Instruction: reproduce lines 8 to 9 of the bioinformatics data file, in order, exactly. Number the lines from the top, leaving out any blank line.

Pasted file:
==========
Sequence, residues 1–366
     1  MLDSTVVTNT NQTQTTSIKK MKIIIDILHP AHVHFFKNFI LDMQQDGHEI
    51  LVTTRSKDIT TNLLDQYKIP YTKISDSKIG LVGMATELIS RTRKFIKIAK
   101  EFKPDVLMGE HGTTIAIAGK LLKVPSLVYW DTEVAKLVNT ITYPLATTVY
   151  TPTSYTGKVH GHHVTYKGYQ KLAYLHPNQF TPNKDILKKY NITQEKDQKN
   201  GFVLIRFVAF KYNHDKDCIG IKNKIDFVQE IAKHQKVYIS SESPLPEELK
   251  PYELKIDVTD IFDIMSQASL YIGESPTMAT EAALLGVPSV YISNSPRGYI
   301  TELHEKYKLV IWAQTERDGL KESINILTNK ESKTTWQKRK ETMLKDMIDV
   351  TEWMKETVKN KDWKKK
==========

   301  TELHEKYKLV IWAQTERDGL KESINILTNK ESKTTWQKRK ETMLKDMIDV
   351  TEWMKETVKN KDWKKK